Associations of suPAR with lifestyle and cardiometabolic risk factors
Article first published online: 22 MAY 2014
© 2014 Stichting European Society for Clinical Investigation Journal Foundation
European Journal of Clinical Investigation
Volume 44, Issue 7, pages 619–626, July 2014
How to Cite
Eur J Clin Invest 2014; 44 (7): 619–626
- Issue published online: 27 JUN 2014
- Article first published online: 22 MAY 2014
- Accepted manuscript online: 8 MAY 2014 11:28AM EST
- Manuscript Accepted: 30 APR 2014
- Manuscript Received: 1 OCT 2013
- SANPAD (South Africa – Netherlands Research Program on Alternatives in Development)
- PHRI (Population Health Research Institute)
- MRC (Medical Research Council)
- South African NRF (National Research Foundation). Grant Numbers: 2069139, FA2006040700010
- North-West University, Roche Diagnostics
- cardiovascular disease;
- C-reactive protein;
- South Africa
Soluble urokinase plasminogen activator receptor (suPAR), a novel indicator of low-grade inflammation, is associated with cardiovascular disease and mortality in the general population, while an unhealthy lifestyle influences inflammatory status. We aimed to explore the relationship of suPAR with lifestyle and cardiometabolic risk factors in a black South African population.
This cross-sectional study includes 1068 men and women (56·4 ± 10·1 years) from the North West province who took part in the South African leg of the Prospective Urban and Rural Epidemiology (PURE) study in 2010. Captured data included a detailed lifestyle profile (tobacco use, alcohol consumption, physical activity, psychological and dietary intake status), biochemical analyses (suPAR, C-reactive protein (CRP), glucose and lipids), as well as cardiovascular and anthropometric measurements.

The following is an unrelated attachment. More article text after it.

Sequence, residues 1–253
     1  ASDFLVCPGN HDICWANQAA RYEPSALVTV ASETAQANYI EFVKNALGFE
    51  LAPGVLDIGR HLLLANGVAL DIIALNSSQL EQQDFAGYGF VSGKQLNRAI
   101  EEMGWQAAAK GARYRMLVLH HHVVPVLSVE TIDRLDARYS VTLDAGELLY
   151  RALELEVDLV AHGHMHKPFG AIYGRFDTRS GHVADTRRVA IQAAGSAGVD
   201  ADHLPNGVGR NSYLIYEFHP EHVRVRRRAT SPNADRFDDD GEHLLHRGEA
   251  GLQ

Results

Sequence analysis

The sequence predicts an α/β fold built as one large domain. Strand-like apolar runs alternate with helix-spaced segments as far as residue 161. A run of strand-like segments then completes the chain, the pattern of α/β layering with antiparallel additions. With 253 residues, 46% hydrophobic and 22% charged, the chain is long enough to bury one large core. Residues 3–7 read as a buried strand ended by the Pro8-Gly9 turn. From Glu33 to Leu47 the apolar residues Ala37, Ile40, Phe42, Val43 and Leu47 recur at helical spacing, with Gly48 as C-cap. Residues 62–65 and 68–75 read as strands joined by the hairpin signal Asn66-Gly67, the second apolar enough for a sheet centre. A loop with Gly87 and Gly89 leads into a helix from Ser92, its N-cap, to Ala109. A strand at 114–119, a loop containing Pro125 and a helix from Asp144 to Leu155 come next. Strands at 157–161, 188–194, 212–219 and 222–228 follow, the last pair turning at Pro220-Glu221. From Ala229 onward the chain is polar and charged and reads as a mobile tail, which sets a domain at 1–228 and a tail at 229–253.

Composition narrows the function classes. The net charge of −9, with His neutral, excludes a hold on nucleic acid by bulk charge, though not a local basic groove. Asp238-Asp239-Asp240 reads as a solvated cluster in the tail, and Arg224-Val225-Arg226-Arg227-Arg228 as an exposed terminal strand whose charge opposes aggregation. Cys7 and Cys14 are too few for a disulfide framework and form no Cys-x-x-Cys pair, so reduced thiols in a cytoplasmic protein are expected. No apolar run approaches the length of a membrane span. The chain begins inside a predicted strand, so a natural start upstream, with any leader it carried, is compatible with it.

In exploratory analyses, we observed positive relationships between suPAR and lifestyle factors, such as tobacco use (P-trend < 0·001), both alcohol consumption (P-trend = 0·001) and γ-glutamyl transferase (GGT) (P-trend < 0·001) and unemployment (P-trend = 0·002). suPAR and CRP correlated significantly (r = 0·23; P < 0·001). These relationships were confirmed in multiple regression analyses as suPAR independently associated with tobacco use (β = 0·13; P < 0·001), GGT (β = 0·24; P < 0·001) and unemployment (β = 0·07; P = 0·039). suPAR did not associate with the cardiometabolic factors glucose, lipids, blood pressure or measures of adiposity.
suPAR was independently associated with unhealthy lifestyle behaviours, but not with cardiometabolic risk factors suggesting that suPAR, as known predictor of cardiovascular disease and mortality, is augmented by modifiable cardiovascular risk factors. These findings emphasise the need for a healthy lifestyle to decrease the burden of cardiovascular disease in Africans.